That might sound weird: surely you need competitive spirit for a game to be fun? The answer is, this still exists, because you’re all competing against the pandemic. And because winning is such a challenge – it's tricky, but not impossible – you’ll keep coming back to this inspired board game.
This official Who Wants to be a Millionaire? board game replicates the globally recognised TV quiz pretty much exactly, giving you the chance to discover how far you’d get if you were actually on the show. No, you don’t win an actual million... but perhaps surprisingly, that makes it no less tense or enjoyable.
Quiz based board games can be divisive, quickly separating your friends into those who are great at general knowledge and those who aren’t. With this game, however, no one has to feel left out, because there are easy questions at the start of each round which most people can answer. And even if they can’t, there are the ‘Ask the Audience’, ‘50/50’ and ‘Phone a friend’ options to keep the momentum going.
The best board games for families
Best board games for families
Pictionary is basically charades with drawing. You divide into pairs, then one player has to get the other to say a specific word by quickly sketching it out. Sounds simple, right? But given that you’re playing against the clock, it can be super-challenging. And the more hurried your sketches are, the more unrecognisable they get, which often leads to hilarity.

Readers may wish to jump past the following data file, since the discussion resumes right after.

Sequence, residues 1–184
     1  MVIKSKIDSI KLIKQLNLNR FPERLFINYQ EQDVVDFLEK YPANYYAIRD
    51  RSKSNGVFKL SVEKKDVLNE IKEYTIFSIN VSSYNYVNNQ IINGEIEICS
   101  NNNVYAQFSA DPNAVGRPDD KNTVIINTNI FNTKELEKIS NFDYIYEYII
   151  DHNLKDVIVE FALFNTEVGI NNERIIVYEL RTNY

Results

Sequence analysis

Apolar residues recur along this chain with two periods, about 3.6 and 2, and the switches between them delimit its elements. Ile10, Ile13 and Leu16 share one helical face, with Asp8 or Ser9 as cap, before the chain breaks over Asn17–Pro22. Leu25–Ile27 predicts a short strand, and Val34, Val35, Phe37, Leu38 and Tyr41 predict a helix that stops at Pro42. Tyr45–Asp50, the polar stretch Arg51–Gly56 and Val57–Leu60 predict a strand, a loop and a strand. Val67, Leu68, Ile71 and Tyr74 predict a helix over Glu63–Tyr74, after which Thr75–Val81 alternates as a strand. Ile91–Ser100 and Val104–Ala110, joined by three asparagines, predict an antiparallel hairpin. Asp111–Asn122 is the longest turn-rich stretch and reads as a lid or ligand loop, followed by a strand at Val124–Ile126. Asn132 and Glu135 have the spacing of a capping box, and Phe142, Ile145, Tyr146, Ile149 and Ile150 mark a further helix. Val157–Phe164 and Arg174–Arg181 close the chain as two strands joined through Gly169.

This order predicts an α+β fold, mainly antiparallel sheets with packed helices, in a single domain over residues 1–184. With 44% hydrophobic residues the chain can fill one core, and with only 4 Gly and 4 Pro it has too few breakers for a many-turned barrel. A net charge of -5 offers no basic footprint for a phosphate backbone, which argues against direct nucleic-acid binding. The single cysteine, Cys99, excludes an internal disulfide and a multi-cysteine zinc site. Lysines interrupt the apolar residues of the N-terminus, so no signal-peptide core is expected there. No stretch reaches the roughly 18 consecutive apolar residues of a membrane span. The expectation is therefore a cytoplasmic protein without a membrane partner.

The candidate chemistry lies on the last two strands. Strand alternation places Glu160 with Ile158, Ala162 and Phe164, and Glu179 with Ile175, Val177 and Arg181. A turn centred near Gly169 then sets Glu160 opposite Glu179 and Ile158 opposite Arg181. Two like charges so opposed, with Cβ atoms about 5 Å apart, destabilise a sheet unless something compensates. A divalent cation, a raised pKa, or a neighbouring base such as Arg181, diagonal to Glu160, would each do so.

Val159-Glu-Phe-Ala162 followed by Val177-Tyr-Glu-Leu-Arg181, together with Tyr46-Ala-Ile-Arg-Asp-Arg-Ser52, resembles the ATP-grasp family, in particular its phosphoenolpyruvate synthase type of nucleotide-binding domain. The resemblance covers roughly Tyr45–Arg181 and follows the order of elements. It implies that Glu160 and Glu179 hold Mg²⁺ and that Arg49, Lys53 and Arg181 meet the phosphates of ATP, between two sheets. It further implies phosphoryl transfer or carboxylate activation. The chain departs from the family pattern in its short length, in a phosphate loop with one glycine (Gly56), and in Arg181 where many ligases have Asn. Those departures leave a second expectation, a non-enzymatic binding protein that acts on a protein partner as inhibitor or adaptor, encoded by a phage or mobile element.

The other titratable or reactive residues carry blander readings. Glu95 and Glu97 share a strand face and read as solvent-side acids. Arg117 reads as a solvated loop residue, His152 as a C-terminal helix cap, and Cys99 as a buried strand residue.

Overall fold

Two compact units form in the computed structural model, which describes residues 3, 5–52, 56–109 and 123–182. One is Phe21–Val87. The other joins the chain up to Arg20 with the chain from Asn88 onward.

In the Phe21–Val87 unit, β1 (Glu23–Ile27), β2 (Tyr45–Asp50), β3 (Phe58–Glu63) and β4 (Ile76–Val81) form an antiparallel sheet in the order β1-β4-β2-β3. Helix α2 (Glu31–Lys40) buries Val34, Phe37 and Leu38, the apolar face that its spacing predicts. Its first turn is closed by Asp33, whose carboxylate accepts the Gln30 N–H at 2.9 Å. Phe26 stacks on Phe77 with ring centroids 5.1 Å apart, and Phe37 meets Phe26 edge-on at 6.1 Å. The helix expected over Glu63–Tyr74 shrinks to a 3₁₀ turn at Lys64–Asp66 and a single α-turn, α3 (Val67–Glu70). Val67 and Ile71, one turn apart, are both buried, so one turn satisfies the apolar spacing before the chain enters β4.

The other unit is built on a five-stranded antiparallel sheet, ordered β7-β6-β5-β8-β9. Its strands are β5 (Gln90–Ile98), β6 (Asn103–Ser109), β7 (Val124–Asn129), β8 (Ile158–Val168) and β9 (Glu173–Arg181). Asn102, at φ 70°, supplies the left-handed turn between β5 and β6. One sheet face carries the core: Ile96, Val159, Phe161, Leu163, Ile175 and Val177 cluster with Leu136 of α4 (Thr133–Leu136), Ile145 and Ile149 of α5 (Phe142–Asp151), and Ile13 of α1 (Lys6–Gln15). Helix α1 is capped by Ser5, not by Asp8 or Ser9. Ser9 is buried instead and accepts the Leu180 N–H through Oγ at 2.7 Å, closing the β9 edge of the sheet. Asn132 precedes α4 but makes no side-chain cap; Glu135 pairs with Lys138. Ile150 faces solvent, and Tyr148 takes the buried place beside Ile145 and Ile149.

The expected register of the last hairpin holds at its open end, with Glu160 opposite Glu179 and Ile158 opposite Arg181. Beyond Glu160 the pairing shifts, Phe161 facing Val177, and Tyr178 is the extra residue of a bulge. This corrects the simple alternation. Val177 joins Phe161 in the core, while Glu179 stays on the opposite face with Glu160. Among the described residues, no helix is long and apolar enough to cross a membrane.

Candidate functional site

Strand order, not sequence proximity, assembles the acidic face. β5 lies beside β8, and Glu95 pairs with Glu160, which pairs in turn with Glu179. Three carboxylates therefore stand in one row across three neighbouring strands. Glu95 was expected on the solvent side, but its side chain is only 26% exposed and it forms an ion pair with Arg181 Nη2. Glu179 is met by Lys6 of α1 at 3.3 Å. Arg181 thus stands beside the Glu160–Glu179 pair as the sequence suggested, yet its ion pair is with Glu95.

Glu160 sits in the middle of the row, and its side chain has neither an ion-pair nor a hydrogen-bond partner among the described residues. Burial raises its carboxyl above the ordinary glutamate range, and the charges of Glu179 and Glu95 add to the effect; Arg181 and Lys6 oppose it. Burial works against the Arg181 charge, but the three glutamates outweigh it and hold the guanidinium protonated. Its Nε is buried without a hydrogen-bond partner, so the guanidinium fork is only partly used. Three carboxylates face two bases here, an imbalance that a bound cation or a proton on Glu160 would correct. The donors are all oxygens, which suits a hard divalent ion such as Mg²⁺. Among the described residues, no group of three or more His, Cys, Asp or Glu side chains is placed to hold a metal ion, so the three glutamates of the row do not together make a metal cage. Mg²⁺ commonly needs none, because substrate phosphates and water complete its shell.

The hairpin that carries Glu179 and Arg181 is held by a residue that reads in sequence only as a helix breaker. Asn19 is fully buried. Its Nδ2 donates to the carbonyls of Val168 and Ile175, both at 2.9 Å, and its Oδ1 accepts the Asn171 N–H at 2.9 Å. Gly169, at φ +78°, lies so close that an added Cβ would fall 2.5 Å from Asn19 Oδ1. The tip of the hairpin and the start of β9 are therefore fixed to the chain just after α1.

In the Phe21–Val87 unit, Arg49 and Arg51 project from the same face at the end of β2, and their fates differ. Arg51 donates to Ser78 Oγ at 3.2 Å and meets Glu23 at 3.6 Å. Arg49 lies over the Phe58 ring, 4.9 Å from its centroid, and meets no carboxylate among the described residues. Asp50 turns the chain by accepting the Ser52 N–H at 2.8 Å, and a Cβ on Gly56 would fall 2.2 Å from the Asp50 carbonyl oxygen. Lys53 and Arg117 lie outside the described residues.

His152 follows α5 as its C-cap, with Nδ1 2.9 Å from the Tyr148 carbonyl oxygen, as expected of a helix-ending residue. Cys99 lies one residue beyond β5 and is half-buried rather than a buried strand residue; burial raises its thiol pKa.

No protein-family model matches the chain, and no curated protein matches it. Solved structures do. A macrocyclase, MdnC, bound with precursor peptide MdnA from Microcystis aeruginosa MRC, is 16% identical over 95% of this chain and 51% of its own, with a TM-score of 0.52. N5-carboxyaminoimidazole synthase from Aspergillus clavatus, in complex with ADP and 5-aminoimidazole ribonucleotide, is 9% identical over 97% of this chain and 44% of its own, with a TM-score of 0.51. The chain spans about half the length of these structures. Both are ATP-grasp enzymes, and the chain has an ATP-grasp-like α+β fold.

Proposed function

Already being playing Pictionary for years? Why not reinvigorate your love of the game with the new Pictionary Air, which gives it an AR (augmented reality) twist? Basically, you use a digital pen to draw in the air, and your sketches appear over on live video of yourself. That might sound like overcomplicating things, but in practice it’s brilliant fun.
Monopoly is a board game where you battle to become a property tycoon. At first, it seems quite simple, as you roll dice to move around a board, and use your limited funds to buy buildings and collect rent along the way. But at a certain point, this starts to morph into a battle for economic survival against your co-players, and things start getting personal as you try to force each other into bankruptcy.
Along the way, you’ll learn more about how the real world of finance works than any number of BBC documentaries can convey. And as long as you keep your emotions in check, you’ll find it a surprisingly intense and entertaining ride.